- Slightly more work to set up, more difficult to maintain, easily broken e.g. if someone inserted a row on the subscriber to create a PK violation.
SQL Server Merge Replication
Merge replication is similar to transaction replication; however, it allows updates at the subscribers to be merged with the publisher.
To track the rows, it adds a unique identifier column to your table. Subscribers can be offline and the changes are tracked, once the subscriber is online it can send the changes to the publisher. If multiple subscribers are updating the same rows this can cause conflicts which need to be managed. The typical scenario where this type of replication is useful is sales agents using tablets in the field that can take sales whilst offline and merge the changes when they get back online.
- Allows subscribers to update records, lets offline subscribers make data changes.
- More complicated to set up and maintain, creates a unique identifier column on your table, creates conflicts which need to be managed.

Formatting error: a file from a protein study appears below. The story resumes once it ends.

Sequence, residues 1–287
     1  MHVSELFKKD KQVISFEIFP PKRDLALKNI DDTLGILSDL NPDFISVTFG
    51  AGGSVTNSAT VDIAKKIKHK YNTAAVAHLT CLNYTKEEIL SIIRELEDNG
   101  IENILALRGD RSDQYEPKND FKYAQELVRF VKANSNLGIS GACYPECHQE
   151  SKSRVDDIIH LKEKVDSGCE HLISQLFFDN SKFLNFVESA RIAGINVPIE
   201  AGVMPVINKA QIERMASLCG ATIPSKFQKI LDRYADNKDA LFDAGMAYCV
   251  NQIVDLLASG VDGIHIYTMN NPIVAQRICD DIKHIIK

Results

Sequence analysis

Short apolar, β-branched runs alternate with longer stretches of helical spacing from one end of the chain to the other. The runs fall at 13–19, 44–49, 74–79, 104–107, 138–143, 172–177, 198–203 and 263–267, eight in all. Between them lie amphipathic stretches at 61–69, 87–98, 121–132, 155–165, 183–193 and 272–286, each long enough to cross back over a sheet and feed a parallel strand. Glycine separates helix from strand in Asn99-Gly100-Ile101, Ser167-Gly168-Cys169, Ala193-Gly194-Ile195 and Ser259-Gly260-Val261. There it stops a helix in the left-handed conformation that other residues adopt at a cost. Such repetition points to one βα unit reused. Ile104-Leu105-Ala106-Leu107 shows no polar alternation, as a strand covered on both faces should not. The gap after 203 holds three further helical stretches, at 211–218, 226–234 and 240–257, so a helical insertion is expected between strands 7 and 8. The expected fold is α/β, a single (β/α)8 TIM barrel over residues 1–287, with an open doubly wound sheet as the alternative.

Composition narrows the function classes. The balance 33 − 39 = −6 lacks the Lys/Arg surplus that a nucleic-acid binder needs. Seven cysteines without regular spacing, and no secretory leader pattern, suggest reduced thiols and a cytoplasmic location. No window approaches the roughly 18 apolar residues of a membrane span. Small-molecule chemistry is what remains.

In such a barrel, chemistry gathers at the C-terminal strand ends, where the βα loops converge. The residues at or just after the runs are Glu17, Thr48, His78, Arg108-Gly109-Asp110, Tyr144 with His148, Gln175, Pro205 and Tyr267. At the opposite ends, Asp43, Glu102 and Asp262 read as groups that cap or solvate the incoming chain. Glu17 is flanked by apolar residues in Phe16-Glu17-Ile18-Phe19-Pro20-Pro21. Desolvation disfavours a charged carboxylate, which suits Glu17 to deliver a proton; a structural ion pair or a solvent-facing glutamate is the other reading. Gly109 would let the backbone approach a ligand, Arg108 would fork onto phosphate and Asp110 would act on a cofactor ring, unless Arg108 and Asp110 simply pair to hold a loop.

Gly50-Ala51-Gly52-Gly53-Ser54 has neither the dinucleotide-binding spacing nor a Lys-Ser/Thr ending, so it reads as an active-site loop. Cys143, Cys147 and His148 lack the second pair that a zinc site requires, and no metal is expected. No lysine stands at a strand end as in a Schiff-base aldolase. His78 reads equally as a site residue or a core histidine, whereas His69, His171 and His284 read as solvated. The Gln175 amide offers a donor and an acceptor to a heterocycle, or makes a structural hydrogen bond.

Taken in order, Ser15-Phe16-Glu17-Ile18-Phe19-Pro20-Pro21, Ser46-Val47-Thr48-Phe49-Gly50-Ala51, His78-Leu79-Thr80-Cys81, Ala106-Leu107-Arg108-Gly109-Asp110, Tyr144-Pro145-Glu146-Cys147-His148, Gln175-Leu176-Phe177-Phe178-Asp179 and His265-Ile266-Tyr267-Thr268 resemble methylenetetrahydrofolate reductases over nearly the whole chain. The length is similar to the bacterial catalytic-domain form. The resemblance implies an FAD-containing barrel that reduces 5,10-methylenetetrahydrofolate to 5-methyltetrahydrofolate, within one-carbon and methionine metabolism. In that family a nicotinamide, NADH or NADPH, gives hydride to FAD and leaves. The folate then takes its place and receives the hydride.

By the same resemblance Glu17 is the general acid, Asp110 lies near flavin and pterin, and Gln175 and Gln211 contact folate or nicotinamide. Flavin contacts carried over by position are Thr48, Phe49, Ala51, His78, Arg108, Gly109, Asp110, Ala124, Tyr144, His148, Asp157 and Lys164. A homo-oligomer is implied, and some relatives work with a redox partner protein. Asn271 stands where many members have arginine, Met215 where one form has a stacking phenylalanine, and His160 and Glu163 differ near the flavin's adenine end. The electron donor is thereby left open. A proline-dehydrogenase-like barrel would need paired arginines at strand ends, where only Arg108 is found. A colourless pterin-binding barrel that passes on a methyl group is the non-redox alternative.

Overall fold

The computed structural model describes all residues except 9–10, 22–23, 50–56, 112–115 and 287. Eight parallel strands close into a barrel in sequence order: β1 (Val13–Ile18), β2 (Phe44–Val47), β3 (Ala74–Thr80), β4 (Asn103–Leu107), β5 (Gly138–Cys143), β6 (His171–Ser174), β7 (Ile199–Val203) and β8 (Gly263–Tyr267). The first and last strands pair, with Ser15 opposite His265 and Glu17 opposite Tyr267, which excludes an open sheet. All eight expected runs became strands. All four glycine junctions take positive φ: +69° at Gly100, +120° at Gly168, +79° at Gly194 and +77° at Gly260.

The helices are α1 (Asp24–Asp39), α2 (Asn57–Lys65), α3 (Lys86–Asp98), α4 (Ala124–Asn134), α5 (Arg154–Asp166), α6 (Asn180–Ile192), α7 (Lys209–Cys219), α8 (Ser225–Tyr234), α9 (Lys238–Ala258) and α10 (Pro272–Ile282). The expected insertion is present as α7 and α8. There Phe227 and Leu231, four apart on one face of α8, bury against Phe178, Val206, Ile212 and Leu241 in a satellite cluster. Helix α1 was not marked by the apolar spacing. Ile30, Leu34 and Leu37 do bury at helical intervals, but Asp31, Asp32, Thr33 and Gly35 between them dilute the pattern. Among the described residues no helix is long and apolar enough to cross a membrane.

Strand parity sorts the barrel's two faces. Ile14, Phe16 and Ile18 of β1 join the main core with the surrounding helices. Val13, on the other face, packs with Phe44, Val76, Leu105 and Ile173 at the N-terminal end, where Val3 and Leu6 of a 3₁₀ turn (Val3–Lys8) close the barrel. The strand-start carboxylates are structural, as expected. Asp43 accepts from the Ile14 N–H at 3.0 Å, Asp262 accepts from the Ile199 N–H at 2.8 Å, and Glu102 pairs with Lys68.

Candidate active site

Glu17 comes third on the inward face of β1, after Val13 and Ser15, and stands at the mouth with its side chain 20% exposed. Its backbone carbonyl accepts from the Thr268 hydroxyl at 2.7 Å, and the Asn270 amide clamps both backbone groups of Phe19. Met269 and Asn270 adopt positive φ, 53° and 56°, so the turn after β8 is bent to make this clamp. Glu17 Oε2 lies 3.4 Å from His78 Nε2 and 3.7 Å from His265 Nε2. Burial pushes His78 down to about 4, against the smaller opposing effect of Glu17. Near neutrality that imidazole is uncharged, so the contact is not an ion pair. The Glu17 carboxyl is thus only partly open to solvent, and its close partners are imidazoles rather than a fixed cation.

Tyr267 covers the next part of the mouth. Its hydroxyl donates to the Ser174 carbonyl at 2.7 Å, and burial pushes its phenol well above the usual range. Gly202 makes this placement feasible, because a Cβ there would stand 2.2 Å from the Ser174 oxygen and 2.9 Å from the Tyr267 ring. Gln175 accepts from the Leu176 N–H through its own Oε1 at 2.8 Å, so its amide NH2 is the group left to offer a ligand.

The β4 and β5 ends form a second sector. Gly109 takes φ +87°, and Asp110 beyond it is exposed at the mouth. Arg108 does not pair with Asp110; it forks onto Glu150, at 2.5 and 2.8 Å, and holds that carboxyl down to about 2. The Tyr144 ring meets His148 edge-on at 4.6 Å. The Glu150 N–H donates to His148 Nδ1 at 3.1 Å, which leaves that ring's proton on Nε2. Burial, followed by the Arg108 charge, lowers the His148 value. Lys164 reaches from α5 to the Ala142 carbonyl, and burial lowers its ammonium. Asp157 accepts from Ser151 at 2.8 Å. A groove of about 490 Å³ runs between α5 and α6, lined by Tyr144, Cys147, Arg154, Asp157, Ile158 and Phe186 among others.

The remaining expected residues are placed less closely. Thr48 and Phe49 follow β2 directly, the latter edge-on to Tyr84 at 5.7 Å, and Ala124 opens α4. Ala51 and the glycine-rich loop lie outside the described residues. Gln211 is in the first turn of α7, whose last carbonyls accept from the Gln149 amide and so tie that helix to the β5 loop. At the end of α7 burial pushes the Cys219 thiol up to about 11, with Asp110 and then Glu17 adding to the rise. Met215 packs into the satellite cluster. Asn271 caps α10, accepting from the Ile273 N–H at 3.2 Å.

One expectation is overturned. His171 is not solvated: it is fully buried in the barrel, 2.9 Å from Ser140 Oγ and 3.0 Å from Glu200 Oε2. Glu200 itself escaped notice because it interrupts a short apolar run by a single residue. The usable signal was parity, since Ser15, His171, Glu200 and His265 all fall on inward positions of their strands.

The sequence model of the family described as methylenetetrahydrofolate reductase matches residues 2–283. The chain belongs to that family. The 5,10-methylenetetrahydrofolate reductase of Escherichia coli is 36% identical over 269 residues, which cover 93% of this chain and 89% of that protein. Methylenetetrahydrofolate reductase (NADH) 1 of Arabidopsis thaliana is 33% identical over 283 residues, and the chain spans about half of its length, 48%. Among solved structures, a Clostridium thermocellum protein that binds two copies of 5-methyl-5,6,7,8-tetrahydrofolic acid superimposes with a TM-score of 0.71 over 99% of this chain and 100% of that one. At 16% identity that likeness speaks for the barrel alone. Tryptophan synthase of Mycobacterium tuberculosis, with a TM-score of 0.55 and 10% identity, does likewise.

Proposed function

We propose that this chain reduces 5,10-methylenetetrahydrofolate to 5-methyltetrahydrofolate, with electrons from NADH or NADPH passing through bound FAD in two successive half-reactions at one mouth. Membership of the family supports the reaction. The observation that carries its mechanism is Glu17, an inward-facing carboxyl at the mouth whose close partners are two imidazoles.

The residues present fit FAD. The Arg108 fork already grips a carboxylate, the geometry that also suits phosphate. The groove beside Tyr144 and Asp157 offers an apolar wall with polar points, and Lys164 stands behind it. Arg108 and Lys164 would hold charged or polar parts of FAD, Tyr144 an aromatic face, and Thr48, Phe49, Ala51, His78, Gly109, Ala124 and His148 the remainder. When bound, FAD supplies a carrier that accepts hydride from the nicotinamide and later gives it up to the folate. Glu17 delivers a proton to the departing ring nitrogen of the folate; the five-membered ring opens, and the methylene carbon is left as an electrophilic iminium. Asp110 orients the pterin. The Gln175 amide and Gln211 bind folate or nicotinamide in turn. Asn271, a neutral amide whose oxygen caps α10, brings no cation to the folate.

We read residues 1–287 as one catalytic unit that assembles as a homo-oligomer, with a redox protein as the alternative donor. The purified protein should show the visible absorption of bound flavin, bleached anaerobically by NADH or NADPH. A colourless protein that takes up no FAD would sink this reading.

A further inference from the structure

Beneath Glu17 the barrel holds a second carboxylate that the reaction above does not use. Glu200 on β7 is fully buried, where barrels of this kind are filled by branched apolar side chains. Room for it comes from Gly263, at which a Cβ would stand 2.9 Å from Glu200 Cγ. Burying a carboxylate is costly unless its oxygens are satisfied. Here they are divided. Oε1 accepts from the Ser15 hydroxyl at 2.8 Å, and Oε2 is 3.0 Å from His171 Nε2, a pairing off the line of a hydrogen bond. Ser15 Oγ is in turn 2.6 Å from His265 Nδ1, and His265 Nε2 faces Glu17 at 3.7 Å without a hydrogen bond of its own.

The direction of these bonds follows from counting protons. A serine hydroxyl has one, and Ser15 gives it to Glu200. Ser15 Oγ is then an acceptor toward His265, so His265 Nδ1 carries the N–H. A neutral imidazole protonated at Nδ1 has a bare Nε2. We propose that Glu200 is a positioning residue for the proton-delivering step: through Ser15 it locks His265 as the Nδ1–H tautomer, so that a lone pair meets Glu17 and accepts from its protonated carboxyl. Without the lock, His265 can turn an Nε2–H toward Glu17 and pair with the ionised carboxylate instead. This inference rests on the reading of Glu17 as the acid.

SQL Server Replication Example Scenario 1
A remote office has reports that run monthly to calculate commissions for the sites salespersons, currently, the data is updated by exporting a csv file and emailing it over to the remote site, they then import the csv file and run the report. How could we solve this with replication?
- We could cut out all this manual effort of CSVs and set up a monthly replication snapshot of the data to the remote site.
SQL Server Replication Example Scenario 2
A busy website has visitors from all over the world. When users log into their account, information is pulled from the database and displayed on the user's profile. As the SQL Server which stores customer data is located in New York, customers from other parts of the world have complained about slow page loading times, how could we solve this issue?
- This can be solved by using transactional replication to send customer profile data to subscribers geographically closer to the users to decrease page load times.
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Last Updated: 2019-08-16